Australian lawmaker says MH17 was her most emotional time
CANBERRA, Australia (AP) — Australia’s former foreign minister on Tuesday described the shooting down of a Malaysia Airlines flight over Ukraine in 2014 as the most emotional time of her life.
Julie Bishop was reflecting on her five years as Australia’s first woman foreign minister after she quit the Cabinet following an unsuccessful bid last week to become prime minister.
Most of new Prime Minister Scott Morrison’s Cabinet was sworn in on Tuesday, including new Foreign Minister Marise Payne.
Bishop said she remained in contact with the families of the 38 Australian citizens and residents who were among the 298 people killed when a missile brought down Flight 17 on July 17, 2014.
“I don’t know that it was a defining moment, but it was the most emotional moment of my life,” Bishop told reporters.
“I want to ensure that the people for whom we fought do get justice. I have no doubt that Marise Payne and the highly professional team at the Department of Foreign Affairs and Trade will continue to fight for justice,” she said.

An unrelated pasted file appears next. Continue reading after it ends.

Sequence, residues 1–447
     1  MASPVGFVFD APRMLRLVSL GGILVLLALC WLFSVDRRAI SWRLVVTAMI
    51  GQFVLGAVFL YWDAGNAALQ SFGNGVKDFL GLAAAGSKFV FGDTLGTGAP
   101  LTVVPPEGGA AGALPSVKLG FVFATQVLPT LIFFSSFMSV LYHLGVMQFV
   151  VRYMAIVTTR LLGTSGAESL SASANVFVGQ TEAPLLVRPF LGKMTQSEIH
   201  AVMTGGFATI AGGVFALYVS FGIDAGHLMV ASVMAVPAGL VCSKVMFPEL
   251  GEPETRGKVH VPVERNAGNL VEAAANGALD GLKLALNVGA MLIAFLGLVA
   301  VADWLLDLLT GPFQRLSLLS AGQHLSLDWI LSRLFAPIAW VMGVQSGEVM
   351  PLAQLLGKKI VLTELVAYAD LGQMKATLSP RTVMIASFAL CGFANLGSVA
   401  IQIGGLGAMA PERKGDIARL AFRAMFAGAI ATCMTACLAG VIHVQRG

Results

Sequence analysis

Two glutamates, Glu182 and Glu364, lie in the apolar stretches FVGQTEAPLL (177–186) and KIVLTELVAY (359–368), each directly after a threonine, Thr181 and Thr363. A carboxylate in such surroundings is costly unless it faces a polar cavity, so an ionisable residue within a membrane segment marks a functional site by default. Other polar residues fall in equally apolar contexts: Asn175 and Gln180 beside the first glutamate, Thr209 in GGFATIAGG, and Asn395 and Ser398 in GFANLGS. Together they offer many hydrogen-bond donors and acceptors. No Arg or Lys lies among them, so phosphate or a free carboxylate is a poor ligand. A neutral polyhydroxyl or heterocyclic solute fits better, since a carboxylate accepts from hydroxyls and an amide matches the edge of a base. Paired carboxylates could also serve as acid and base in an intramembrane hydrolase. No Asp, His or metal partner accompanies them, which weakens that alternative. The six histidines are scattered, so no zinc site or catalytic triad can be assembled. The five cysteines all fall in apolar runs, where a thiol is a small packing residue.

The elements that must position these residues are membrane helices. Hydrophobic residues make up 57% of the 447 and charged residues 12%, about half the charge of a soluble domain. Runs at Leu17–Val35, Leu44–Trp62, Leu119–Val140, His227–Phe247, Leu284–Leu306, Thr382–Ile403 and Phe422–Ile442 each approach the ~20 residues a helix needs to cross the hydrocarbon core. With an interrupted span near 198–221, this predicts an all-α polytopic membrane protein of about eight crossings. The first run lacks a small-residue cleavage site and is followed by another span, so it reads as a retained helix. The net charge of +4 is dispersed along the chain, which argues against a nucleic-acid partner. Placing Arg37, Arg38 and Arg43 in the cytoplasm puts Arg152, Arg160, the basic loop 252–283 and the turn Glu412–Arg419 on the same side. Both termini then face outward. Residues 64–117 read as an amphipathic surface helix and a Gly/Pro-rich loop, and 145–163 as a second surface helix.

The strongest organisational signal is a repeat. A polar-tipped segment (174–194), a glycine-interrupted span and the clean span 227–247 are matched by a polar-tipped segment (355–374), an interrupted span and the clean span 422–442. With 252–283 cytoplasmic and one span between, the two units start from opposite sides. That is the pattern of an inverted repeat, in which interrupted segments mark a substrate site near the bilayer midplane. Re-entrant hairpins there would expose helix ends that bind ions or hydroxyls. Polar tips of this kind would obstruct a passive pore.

In May, a day after international prosecutors said they had unequivocal evidence of Russian involvement in the flight’s downing, Australia and the Netherlands announced they were holding Moscow legally responsible for its role in the missile attack.
The move put further strain on already tense relations between Russia and the West and opened a new legal front in the long-running process of apportioning blame for the missile strike.
A Dutch-led international team of investigators said they had strong evidence that the Buk missile system that brought down the Amsterdam to Kuala Lumpur flight came from a Russia-based military unit, the 53rd anti-aircraft missile brigade based in the Russian city of Kursk. It was the most explicit link between Moscow and the downing of the flight published by the investigators.
Bishop at the time called for international support for the Dutch-Australian legal initiative.
Russia denies involvement in the downing of the Boeing 777 that was flying 33,000 feet (about 10,000 meters) over war-ravaged eastern Ukraine when it was torn apart by a Buk missile fired from territory controlled by pro-Russian rebels.